Teens in our focus group explained specific ways in which a relationship might be displayed on social media. As a high school boy related, people in relationships change “their status. And then other times, on Instagram it says in their bio, they put like the date that they started going out.” Changing “profile pictures and then just regular pictures,” to be images of the couple is also a common method of displaying one’s relationship and relationship status. A high school boy explained what he believes must be on social media when dating someone. “You’ve got to put the date in the bio and her in the bio. For real. … You need to have the padlock emoji with a heart and two people holding hands. …On Facebook, you’ve got a cover photo… Or a date. Or just a date,” plus your beloved’s username or profile.
Focus group teens also noted that posting publicly about a relationship – noting the date you started the relationship in your bio, declaring your affection, posting photos – sometimes had to do with gaining a sense of status, expressing possessiveness or getting attention from peers:
High school boy 1: You just want people to know. With some people, it’s for the attention and stuff like that.
High school boy 2: Well, speaking in terms of the way people generally seem to behave, it’s victory.
High school boy 1: And it’s also probably to tell people like, hey, back off. She’s mine or he’s mine.
Other focus group teens questioned how meaningful and authentic these social media displays of affection really were:
High school boy 1: “How about the girls that post they love you every 20 minutes on Facebook.”
High School Boy 2: “People are really quick to say I love you. A lot of people use it so loosely.”
High School Boy 1: “It don’t mean nothing no more.”
Many teen daters feel social media allows too many people to see what is happening in their relationship
But even as they use social media to support their friends’ relationships, many teen daters express annoyance at the public nature of their own romantic partnerships on social media. Fully 69% of teen social media users with dating experience agree that too many people can see what’s happening in their relationship on social media, with 16% indicating that they “strongly” agree. Just 31% of such teens disagree with this statement, and only a small percentage (2%) disagree “strongly.” Boys and girls, older and younger teens, and those from higher- and lower-income households are equally likely to agree with this statement.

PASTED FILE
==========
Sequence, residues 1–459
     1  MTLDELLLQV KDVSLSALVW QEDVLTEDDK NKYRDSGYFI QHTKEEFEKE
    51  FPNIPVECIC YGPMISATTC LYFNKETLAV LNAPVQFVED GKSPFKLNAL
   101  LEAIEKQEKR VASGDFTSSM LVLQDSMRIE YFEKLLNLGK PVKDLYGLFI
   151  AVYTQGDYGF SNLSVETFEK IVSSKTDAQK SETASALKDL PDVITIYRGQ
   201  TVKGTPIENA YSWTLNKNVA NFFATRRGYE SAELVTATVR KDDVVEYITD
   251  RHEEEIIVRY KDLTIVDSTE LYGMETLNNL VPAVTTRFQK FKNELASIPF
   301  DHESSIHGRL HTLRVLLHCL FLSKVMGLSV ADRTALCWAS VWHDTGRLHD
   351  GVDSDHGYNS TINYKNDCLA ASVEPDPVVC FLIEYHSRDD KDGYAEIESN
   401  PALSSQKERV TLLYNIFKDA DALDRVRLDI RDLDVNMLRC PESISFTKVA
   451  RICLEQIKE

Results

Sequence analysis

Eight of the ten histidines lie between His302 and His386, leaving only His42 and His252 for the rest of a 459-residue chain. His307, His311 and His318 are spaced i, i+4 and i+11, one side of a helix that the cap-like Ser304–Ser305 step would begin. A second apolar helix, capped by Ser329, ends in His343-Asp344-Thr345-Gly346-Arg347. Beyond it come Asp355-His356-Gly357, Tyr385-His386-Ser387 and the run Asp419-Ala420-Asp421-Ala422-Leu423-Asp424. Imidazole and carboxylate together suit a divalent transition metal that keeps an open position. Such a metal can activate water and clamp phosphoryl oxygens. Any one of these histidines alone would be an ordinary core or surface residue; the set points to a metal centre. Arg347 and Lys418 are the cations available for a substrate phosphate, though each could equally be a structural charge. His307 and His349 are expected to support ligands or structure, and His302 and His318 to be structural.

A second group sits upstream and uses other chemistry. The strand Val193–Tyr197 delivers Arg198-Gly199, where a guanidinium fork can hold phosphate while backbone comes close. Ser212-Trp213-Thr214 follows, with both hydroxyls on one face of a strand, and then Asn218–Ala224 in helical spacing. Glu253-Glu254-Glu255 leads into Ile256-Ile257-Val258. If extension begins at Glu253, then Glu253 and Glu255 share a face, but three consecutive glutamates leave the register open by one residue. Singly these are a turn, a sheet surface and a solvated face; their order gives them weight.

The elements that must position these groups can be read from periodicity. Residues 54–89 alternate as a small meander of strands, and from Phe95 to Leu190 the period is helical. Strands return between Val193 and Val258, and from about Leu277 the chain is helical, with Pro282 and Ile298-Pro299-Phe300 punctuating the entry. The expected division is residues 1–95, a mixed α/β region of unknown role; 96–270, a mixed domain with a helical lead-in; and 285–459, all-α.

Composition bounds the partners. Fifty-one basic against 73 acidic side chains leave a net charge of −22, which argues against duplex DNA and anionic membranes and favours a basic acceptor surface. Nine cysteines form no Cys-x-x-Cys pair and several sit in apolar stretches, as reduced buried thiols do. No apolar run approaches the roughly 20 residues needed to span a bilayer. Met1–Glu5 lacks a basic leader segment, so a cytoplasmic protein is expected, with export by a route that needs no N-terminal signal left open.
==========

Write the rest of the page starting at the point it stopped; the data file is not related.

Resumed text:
Teens in our focus groups explained their concerns about people being overly involved, especially in breakups, and their discomfort with the permanence of posted content. One high school boy explained why someone might not want to post any details about their relationship on social media:
“I don’t know. Maybe they just want it to be their business. Then, you know, if you were to post it online and then you break up, you probably wouldn’t want to change it and then everyone asks you what happened, so you might not put it there in the first place. Just let it be the people you actually know who knows. … It comes back because it’s stuck there. It’s like a permanent tattoo.”
A middle school boy related:
“I think some people in my class keep [their relationship] secret because they just like it that way. They don’t like to have everybody know.”
Other teens point to avoiding drama as a reason people kept relationships off social media. As a high school boy explained:
“A lot of people kind of don’t like it on social media because it doesn’t need to be on there. ‘Cause as long as the two know how they feel about each other, I feel like if you have it on social media, it’s like more drama. Because like more people ask questions and stuff like that.”
And some teens don’t post much about the relationship on social media because they’re not sure of the relationship status or they don’t want to seem like they’re bragging about their good fortune. A high school girl explained:
“Maybe they’re just not sure about it, too. I mean, I feel like that would be me. I wouldn’t really know if we were in a relationship yet, so I wouldn’t say anything about it. And I wouldn’t want to be obsessive about it, and I wouldn’t want people to think I was bragging either, so I just wouldn’t show anything.”
Occasionally, relationships are kept off social media to keep them from the prying eyes of parents. One middle school boy explained:
“Sometimes if your parents find out, I mean, my mom lets me have a girlfriend, but some protective parents … they sometimes don’t even let them out with their friends. One of my friends, he can never come out. But he liked a girl that I liked and he asked her out, and she said yeah. And then he went home and I walked home with him and I went by his house and then he told his dad and his dad said I had to leave. And then his dad slammed the door and started screaming.”
- Kik-ing refers to sending a message through Kik, a messaging app. ↩